Sweet and sour tale of the miracle berry
Who nobbled the wholesome berry that could have replaced artificial sweeteners, asks Tom Mangold
Lemons that taste like sugared meringues? Vinegar that tastes like cool-aid? Sweet cheese? It's true - I've tasted them all. It just needed a small berry popped into my mouth, rolled around for about a minute, and my taste buds went into reverse. Anything sour tasted sweet. No wonder they call it the Miracle Berry. And believe me, it's much much more than a party trick.
The story begins thirty years ago with Robert Harvey, an American entrepreneur who rediscovered Synsepalum dulcificum, a wild berry grown in West Africa, which, when properly processed, turns sour food and drink sweet, and, even more significantly, high-calorie sweetened junk foods into zero-calorie tasty treats.
It was Harvey, working away in his New England laboratories in the early Seventies, who first realised that here was something which had the potential to be a safe non-fattening sugar substitute and an alternative to the (then) new artificial sweeteners, those chemical mixes just beginning to make their mark on the food and drink industry.
All the kids preferred the Miracle Berry lollies to the sugared ones
Harvey and his colleagues were able to process the berry's 'miracle' ingredient to make it marketable. So his company conducted their first practical miracle berry trial. They coated some sugarless ice lollies with the berry process. Then they took sugar-coated ice lollies, mixed the two brands up and handed them out to schoolchildren in a Boston playground. Result? All the kids preferred the Miracle Berry lollies to the sugared ones, not only making the key marketing point but also showing that the berry is a taste enhancer.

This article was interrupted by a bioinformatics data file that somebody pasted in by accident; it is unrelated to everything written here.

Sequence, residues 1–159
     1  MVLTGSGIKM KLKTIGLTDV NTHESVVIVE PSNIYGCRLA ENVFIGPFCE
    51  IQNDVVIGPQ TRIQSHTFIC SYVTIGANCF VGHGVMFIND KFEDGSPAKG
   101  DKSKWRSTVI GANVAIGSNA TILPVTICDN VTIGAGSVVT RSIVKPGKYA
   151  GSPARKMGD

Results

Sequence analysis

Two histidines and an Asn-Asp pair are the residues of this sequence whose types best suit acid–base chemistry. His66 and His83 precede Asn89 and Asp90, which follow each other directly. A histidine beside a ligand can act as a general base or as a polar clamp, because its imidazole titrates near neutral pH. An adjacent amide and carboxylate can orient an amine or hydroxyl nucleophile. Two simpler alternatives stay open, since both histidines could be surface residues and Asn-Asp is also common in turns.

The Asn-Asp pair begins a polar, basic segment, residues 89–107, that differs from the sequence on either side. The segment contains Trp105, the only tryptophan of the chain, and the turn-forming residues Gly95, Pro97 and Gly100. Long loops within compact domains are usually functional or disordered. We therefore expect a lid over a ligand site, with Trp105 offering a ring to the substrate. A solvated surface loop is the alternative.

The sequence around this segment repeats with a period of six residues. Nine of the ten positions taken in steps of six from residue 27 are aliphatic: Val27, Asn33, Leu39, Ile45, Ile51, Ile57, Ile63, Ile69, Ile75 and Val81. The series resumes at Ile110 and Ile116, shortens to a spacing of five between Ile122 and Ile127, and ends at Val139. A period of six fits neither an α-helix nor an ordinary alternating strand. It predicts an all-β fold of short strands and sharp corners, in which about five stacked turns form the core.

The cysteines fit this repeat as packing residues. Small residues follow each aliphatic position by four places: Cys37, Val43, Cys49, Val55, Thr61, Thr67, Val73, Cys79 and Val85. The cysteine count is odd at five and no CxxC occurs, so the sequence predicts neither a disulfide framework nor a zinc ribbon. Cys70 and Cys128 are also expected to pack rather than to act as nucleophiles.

Harvey was ecstatic: "The kids licked the outside of the lolly thus making the unsugared inside taste sweet. It didn't rot the teeth and there were no calories. It was junk food without the junk."
Harvey was sitting on a billion dollar project - one that could have had profound implications not only for the epidemic of obesity in the US, but the pandemic throughout the developed Western world.
Reynolds Metal (who make the aluminium wrappings for lollies and ice creams) came on board, Barclays Bank came on board, so did the mighty Prudential. Harvey had hundreds of thousands of miracle berry plants growing in Jamaica. The American Federal Drugs Administration took a benign view of the product
And then it got nasty. In the autumn of 1973 Harvey's offices were burgled and the precious files ransacked.
"This was a professional job." Harvey recalls. "When the police arrived we discovered that none of the building's locks had been smashed or broken."
Then the real bombshell. In 1974, the FDA changed its mind about the Miracle Berry product on the very eve of the product launch in drug stores across the whole of the Eastern seaboard. In the most brutal way, the FDA ordered all the products to be withdrawn at once. In a complete headstand, the FDA, which had indicated it would clear the product for use, now reclassified the berry as an additive, and like any artificial ingredient, it would now have to submit to years of testing for safety and efficacy.
Who was behind all that? We may never know, but suspicions abound. Harvey's project ended in near bankruptcy. And today, the Miracle Berry remains a mere party trick for those who can buy it mail order.
Tom Mangold presents The Miracle Berry on BBC Radio 4 on Monday 28 April at 9pm ·
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